There are disruptive technologies that completely throw businesses off track and then there are holidays that can be disruptive to project management. The time from Thanksgiving through New Years is a disruptive time when almost all workers will want time off to be with their families. In my experience, it is also a time when clients have a major must-do before the end of the year and government organizations release RFPs with proposals due the first week in January!
This collision of personal schedules and corporate need creates many project management challenges. Now since you are a seasoned project manager (ha! ha!), I know that you have accounted in your schedule for the planned time-off of your team. However, what is a fair and effective way to handle these unplanned, but have to do, tasks?
First, find out if you have any carrots. Talk with HR and senior management about any options you have to offer comp time, over-time, or personal days off after the rush is over. Or ask if bonus money is available for having staff not take time off and getting the project done. You do not have to offer these upfront in the discussion with your team; you just need to know what you can do.
Confirm with the client or management about the new project or must-do. Is there room for negotiation on the schedule? When they said end-of-the year, is it possible that the real deadline is early January rather than December 31? Hard though it may be to believe, sometimes customers exaggerate their due date requirement hoping that you can get close enough to meet the real deadline. If the change is the result of a government RFP, there is usually no negotiating — but I have actually talked to a contracts officer who changed the due date by a week when they were convinced that the holidays were a poor time to make contractors work.
Next, meet with the team, tell them the situation, and explain what is at stake for the company. If you make the team part of the solution planning rather than the problem, you may be amazed at their willingness to pitch in to accomplish the tasks. Look for creative ways to get the job done including sharing hours, work-from-home, and even contracting out small pieces of the work—although with little planning time available this option is unlikely to really help and may cost you more time and effort than it is worth.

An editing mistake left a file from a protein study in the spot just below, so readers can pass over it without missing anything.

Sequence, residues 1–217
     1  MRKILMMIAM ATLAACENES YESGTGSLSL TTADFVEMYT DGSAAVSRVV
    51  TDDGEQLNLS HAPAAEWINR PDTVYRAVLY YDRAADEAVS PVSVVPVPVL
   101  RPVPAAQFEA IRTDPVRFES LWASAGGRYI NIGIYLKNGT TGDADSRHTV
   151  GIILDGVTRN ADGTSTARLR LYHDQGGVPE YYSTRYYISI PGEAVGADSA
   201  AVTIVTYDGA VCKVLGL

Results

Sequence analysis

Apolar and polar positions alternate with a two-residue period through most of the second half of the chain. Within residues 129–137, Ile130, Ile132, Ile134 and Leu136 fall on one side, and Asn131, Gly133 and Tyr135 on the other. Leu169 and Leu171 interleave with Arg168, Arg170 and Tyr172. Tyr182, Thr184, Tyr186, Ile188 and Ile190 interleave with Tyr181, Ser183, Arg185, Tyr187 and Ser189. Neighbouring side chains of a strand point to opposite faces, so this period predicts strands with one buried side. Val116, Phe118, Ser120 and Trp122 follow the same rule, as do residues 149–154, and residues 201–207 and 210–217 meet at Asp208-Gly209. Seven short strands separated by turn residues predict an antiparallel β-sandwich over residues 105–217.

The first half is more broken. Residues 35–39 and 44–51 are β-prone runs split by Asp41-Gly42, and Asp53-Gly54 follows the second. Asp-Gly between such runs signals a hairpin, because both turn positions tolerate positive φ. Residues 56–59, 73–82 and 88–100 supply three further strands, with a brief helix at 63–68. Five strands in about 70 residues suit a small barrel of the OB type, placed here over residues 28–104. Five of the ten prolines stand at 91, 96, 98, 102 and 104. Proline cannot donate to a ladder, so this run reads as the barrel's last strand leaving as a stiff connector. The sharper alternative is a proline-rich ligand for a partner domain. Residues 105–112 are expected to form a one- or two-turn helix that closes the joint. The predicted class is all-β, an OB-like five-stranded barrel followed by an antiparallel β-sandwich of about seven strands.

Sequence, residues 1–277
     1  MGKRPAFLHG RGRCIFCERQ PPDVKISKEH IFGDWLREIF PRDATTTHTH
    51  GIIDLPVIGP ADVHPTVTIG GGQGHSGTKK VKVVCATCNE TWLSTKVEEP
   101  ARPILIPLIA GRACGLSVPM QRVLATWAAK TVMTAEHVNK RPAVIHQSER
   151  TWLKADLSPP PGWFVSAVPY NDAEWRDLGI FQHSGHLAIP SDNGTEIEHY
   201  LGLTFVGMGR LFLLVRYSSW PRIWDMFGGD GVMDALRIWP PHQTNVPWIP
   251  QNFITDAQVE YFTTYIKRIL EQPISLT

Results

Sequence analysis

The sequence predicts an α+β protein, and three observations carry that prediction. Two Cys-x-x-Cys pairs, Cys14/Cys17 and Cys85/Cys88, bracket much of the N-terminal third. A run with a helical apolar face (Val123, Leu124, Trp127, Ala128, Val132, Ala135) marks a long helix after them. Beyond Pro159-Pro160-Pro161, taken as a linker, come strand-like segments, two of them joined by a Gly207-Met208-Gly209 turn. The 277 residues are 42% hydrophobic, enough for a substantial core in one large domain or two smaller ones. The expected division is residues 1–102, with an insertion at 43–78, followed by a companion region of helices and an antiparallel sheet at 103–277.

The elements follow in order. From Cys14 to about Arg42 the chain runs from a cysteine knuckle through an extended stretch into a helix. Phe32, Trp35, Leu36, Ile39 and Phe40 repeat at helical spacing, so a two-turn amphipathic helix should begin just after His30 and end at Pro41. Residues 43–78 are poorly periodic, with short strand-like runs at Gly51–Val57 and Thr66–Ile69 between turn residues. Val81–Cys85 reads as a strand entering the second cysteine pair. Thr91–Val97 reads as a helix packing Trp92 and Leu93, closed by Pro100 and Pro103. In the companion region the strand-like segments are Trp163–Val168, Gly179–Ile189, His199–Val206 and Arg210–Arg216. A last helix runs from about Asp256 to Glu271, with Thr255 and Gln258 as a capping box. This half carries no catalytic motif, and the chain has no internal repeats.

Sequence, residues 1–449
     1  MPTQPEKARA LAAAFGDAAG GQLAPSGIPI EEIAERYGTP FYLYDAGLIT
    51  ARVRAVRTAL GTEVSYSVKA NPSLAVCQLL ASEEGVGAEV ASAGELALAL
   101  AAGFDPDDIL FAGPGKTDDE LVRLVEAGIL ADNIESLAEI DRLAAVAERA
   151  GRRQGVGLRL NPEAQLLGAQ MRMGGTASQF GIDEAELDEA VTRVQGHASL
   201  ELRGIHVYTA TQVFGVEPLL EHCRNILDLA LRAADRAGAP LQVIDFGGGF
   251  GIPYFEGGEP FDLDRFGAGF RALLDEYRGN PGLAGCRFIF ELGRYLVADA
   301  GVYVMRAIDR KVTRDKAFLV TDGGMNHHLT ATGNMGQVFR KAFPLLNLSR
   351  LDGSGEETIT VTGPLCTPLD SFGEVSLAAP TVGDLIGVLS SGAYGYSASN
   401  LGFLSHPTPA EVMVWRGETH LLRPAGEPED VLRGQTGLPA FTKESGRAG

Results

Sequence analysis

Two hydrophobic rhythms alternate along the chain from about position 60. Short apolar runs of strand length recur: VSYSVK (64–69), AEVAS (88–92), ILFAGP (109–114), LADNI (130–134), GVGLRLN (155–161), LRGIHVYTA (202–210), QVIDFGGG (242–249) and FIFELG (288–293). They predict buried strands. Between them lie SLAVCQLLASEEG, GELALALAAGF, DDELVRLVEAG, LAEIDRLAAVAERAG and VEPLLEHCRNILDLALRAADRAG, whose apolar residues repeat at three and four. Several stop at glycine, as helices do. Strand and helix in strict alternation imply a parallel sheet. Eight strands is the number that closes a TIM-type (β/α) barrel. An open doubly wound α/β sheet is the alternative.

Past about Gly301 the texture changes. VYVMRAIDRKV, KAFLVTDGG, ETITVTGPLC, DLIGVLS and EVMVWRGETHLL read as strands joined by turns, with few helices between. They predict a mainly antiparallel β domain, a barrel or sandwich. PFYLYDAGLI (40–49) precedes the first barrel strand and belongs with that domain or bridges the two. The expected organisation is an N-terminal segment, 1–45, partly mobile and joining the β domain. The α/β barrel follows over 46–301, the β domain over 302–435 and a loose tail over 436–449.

If you still need resources to get the job done, meet individually with the key players and see what compromises you can negotiate. This is where the carrots come in.
As a last resort, make assignments and require compliance—the stick part of “carrot and stick” management. Be scrupulously fair here!! Do not play favorites. Have a valid, programmatic reason that “John” has to work through the holidays and “Mary” does not. To the extent possible, you can consider unique individual circumstances as secondary criteria to fulfill project needs. This is fraught with potential problems however, so tread very carefully.
Do not ask your staff or employees to make sacrifices that you are unwilling to make yourself. Long after the project is put to bed or the proposal submitted, workers remember that they worked over the holidays and you were nowhere to be seen.
Meanwhile, enjoy your holidays with friends and family and hope that this end-of-year brings no surprises!